Glenn Ford, one of the nation’s longest-serving prisoners on death row, is scheduled to be freed from a Louisiana prison after he was exonerated of charges that he killed a man in 1983, his lawyers announced.
A Louisiana court on Monday ordered that Ford, an African American who served 30 years on death row, be released after new information exonerated the former yard worker of killing a white man. Ford was expected to be released Tuesday.
[Updated, 5:53 p.m.: Ford walked free Tuesday afternoon. Asked how it felt, he told WAFB-TV, "My mind's going in all kinds of directions but it feels good." He said he felt some resentment "because I was locked up almost 30 years for something I didn't do."]
“We are very pleased to see Glenn Ford finally exonerated, and we are particularly grateful that the prosecution and the court moved ahead so decisively to set Mr. Ford free,” said Gary Clements and Aaron Novod, attorneys from the Capital Post Conviction Project of Louisiana who represented Ford.
The attorneys said they had argued that Ford was convicted after a trial during which he had inexperienced counsel and information was wrongfully suppressed.
Prosecutors petitioned to overthrow the charges after an informant offered “new information which corroborates what Mr. Ford had claimed all along: that he was not present at nor involved in the crime for which he had been convicted and sentenced to death,” his attorneys said.
Ford, then 34, was arrested in February 1984 and charged with killing Isadore Rozeman, 56, a jeweler and watchmaker. Rozeman was killed in his shop in Shreveport in November 1983.
Ford and a pair of brothers were eventually accused of murder and theft of assorted jewelry from Rozeman’s store, but only Ford stood trial. A Caddo Parish jury convicted him of first-degree murder and decided he should be put to death. Ford has been on death row at Louisiana State Penitentiary in Angola since being transferred there in August 1988.
Ford, who had done occasional yardwork for Rozeman, repeatedly denied any part in the killing. He voluntarily went to the police when he learned they wanted to talk to him.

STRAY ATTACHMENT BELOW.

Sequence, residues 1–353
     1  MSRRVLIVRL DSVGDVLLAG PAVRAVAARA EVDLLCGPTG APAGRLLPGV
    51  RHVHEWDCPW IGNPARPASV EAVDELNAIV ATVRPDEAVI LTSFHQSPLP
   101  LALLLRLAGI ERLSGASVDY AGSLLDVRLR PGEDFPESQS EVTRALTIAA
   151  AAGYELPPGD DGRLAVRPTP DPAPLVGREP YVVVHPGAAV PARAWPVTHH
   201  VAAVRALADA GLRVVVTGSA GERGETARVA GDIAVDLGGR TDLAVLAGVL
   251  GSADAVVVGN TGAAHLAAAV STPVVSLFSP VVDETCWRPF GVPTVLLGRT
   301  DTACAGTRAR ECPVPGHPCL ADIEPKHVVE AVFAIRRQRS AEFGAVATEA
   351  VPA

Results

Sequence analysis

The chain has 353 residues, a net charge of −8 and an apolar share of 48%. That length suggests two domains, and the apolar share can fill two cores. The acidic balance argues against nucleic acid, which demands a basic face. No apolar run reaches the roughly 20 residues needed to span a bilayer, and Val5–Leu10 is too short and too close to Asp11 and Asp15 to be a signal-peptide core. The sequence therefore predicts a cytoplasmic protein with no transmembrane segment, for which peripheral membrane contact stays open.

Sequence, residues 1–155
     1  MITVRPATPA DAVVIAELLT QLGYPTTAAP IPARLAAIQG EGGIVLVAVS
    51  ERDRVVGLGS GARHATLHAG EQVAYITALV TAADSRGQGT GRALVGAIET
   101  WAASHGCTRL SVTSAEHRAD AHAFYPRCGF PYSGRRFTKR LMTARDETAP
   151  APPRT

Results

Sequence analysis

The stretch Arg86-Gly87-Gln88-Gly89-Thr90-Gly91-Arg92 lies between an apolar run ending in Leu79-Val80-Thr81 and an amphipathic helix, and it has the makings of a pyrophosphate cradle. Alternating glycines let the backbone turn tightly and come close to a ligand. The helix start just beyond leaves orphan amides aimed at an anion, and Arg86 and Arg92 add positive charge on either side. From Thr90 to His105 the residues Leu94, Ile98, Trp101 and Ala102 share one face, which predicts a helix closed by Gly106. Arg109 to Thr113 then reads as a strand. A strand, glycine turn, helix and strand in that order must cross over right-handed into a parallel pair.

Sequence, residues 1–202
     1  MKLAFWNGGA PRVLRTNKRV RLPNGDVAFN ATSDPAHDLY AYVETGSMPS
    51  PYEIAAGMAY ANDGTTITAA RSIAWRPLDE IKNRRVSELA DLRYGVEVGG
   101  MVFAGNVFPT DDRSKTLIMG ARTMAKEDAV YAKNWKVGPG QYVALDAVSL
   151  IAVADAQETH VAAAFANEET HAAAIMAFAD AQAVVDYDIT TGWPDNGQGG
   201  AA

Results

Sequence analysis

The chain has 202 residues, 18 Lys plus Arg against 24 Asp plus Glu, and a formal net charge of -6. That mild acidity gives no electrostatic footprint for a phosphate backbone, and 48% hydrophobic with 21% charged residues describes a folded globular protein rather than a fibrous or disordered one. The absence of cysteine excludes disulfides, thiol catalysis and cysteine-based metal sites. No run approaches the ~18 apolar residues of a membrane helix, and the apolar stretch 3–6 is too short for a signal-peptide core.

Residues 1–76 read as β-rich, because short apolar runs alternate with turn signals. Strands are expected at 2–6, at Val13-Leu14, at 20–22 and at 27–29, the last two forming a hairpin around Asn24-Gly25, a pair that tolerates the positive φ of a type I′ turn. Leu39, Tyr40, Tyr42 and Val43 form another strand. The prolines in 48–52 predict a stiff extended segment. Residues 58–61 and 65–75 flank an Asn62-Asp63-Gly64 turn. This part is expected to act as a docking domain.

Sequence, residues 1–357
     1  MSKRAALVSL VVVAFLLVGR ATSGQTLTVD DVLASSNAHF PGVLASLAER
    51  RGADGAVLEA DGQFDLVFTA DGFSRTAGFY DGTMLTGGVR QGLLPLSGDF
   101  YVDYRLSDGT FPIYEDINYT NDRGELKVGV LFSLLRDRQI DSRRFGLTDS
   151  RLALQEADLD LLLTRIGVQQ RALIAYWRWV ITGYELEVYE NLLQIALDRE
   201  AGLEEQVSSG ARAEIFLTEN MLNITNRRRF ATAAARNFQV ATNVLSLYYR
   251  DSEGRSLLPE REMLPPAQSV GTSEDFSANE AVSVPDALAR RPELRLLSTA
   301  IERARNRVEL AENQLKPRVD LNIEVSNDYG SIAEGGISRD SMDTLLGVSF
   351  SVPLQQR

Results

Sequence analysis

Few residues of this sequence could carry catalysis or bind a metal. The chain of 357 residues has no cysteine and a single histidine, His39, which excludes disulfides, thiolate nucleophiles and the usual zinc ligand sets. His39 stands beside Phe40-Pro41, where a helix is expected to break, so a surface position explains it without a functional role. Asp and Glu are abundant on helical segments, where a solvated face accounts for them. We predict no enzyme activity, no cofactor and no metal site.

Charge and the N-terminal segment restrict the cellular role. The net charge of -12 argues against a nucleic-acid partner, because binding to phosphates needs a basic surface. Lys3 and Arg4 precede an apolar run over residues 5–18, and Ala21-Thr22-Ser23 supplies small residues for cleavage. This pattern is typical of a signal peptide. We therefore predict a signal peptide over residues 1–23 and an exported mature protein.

During a series of interviews with police, his lawyers said, Ford had stated that he had gone to see Rozeman on the day of the murder and that Rozeman had told him that he did not have any work for him. Ford also discussed meeting and spending time with a man named “O.B.” According to Ford, O.B. asked Ford to sell a .38 revolver though O.B. never actually gave Ford the weapon. O.B. did give Ford jewelry, which he wanted Ford to pawn.
Ford pawned the jewelry. Receipts showed that the jewelry was similar to goods taken from Rozeman’s shop.
Ford later identified a suspect named Jake Robinson from a set of photographs, and identified Jake’s brother Henry, also a suspect in the murder, as O.B. Ford said that identifying the Robinson brothers as suspects caused him to be afraid for his life. About three months later, Robinson’s girlfriend, Marvella Brown, was interviewed by Shreveport detectives and implicated Ford in the shooting.
Ford’s trial began on Nov. 26, 1984. When she testified then, Brown admitted she had “lied about all of it,” Ford’s attorneys stated.
Still, the all-white jury returned a guilty verdict and the jury recommended a sentence of death during a penalty phase. The charges against Jake and Henry Robinson were later dismissed.
Ford and his attorneys continued to fight the conviction, and by 2013 prosecutors notified the defense that a “confidential informant for the Caddo Parish Sheriff’s Office stated that Jake Robinson told him that he, not Mr. Ford, shot and killed Isadore Rozeman,” according to the lawyers.
Last week, the state and Ford’s counsel filed motions to vacate his conviction and sentence. The petition was granted Monday, Ford’s lawyers said.
ALSO:Copyright © 2015, Los Angeles Times